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Kris Aquino's marital woes reawaken divorce debate in the Philippines

Court drama to end the union of the Philippines president's sister with her husband has again brought the law which does not recognise divorce back into the spotlight.

The marriage woes of Kris Aguino,  a television host and sister of the Philippines president Benigno
The marriage woes of Kris Aguino, a television host and sister of the Philippines president Benigno "Noynoy" Aquino, are making headlines throughout the country and stirring a debate about creating a divorce law.

MANILA // The marriage break-up of Kris Aquino, a television host, actor and sister of the president, and her basketball-playing husband, James Yap, has taken on all the dimensions of a poorly scripted soap opera. Most days the entertainment pages of the country's newspapers, talk radio and local television are rife with gossip and titbits about the high-profile couple, whose five-year marriage has been fodder for entertainment writers and bloggers. And assuming the separation is heard in an open court, the scribes are salivating over the dirty linen that will be aired - on both sides.

Sunning herself in Florida, Ms Aquino has instructed her lawyers to file for a "nullity" of the marriage, claiming it was "void from the very beginning". At the same time, the case has opened up the decades-old debate in this predominantly Roman Catholic country of 92 million about whether there should be a divorce law. The Philippines and Malta are the only two countries in the world that do not recognise divorce, according to Melencio Sta Maria, a professor at the Ateneo University law school in Manila.

A leading expert on family law, Prof Maria said he doubted whether Ms Aquino will be given any favours by the court because her brother, Benigno, is president. "If it's not contested, it could be over and done with within a year. If it is contested over such issues as property and the like, it could drag on for years. It all depends," he said in an interview. Although some grounds for nullity may not apply to the couple, such as the age requirement or the qualification of the person who married them, Ms Aquino's lawyers are expected to push for psychological incapacity.

According to the Family Code, which was signed into law in 1988 by the late president Corazon Aquino, who happens to be the mother of the president and Kris: "Any psychological incapacity at the time of the marriage celebration, which prevents either the husband or wife from fulfilling the essential marital obligations of marriage, shall also be void even if such incapacity becomes manifest only after the solemnization."

Prof Maria said the problem with the code is that "this is wide open for interpretation by the courts". When the drafting of the Family Code was started in 1985 under Ferdinand Marcos, Corazon Aquino's predecessor, the commissioners seriously considered implementing a divorce law, he said. "But the Church objected, so the commissioners chose to adopt canon law on nullity, which states psychological incapacity to perform essential marriage obligations," he said, adding that "infidelity could be an indicator for psychological breakdown".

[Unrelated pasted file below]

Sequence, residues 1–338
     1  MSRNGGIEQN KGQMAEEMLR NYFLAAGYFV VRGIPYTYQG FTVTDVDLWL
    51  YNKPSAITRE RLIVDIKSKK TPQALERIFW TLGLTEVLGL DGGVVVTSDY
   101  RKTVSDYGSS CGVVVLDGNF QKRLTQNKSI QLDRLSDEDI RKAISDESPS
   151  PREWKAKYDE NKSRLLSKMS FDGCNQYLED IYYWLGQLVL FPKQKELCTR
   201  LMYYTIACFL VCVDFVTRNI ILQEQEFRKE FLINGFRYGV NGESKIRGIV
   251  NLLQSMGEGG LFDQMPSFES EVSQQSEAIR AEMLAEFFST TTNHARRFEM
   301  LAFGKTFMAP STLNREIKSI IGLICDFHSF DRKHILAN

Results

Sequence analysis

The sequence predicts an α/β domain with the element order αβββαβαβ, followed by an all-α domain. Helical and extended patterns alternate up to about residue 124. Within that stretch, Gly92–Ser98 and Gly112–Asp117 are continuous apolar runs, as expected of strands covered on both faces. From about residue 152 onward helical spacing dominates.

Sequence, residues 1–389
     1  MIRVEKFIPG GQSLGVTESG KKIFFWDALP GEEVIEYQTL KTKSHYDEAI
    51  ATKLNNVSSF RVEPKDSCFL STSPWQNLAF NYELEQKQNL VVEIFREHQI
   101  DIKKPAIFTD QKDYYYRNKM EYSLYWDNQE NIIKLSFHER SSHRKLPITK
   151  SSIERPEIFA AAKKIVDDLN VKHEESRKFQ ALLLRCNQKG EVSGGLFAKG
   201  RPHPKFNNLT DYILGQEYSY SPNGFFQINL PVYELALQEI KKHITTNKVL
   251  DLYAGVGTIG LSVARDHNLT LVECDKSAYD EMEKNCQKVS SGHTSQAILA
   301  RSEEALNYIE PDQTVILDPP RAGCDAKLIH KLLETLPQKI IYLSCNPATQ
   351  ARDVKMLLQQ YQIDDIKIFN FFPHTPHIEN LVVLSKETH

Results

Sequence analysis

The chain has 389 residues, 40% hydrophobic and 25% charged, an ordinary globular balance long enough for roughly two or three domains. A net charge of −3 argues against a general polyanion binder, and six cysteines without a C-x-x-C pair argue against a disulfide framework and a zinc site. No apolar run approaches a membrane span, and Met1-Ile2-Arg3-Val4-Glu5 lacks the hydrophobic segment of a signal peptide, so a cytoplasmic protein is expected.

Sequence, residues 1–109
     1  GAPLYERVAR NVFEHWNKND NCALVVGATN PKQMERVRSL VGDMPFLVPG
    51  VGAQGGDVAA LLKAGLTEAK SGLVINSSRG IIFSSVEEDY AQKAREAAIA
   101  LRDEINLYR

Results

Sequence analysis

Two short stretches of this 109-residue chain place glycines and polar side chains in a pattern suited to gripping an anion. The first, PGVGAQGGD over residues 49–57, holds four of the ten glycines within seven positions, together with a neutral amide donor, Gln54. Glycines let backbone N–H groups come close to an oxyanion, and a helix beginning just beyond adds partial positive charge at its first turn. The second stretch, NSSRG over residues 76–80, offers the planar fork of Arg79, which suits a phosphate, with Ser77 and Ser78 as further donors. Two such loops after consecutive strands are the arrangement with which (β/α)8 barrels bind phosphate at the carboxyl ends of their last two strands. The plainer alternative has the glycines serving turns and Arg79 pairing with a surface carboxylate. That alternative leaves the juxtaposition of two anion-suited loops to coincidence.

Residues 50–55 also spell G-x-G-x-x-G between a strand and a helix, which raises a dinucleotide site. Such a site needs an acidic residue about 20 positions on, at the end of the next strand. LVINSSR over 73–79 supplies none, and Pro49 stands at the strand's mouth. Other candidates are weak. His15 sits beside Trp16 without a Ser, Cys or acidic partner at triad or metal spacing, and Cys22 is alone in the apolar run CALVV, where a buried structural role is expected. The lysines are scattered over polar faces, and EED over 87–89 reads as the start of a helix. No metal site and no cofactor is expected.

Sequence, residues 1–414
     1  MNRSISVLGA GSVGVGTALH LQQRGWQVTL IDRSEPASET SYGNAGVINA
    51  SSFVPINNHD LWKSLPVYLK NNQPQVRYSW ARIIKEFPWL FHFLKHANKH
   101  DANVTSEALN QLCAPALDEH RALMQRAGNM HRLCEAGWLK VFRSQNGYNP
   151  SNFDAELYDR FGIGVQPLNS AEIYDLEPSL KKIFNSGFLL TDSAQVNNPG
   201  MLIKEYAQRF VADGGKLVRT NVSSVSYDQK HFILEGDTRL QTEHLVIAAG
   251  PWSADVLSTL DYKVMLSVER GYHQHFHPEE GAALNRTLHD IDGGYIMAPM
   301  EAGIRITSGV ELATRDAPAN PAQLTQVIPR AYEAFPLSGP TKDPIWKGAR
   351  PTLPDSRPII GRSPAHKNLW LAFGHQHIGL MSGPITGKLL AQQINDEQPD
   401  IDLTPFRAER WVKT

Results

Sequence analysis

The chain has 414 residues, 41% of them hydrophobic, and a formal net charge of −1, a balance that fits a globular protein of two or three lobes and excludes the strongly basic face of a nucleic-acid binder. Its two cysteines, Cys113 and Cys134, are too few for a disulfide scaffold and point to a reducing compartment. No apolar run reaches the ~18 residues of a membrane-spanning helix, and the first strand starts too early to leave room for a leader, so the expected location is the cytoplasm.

Anissia Salvador, another lawyer who handles family court matters, said: "Divorce Philippine-style is not as easy as most people think. You usually end up having to bring in psychologists to evaluate the parties to look for psychological incapacity. That could mean anything from personality disorders to weird behaviour." She said a simplified divorce law in the Philippines would make life simpler for all concerned.

Mr Maria said 80 per cent to 90 per cent of failed marriages in the Philippines are dissolved on the grounds of "psychological incapacity". Annulments have proliferated in the country, he said, but there are no statistics because the Supreme Court ruled in 2003 that these cases should be confidential. "So we have no way of knowing, but there is circumstantial evidence to suggest the numbers are going up. Just go to a regional trial court handling family matters and eight out of 10 cases will be for annulments," he said.

"Divorce bills have been sleeping in Congress for years and it is still a highly emotional issue." At 100,000 pesos (Dh7,900), the cost of annulments are out of reach of most Filipinos and the process can take a year or more, depending on whether one of the parties contests the action. Mr Maria said Ms Aquino and Mr Yap could avoid publicity by asking for their case to be heard in private. The local media have been circling like sharks for weeks waiting for Ms Aquino to file her petition.

Although Mr Yap has kept a low profile since his estranged wife announced on television she was leaving him, the local media have been particularly intrigued by his past affairs - especially with a former receptionist at a local Botox clinic for the rich and famous. Ms Aquino is not expected back in Manila until late next week, after her brother's state of the nation address on Monday. She has spent the past two weeks relaxing in Florida to "escape the stress of the break up", her publicist said. @Email:kwilson@thenational.ae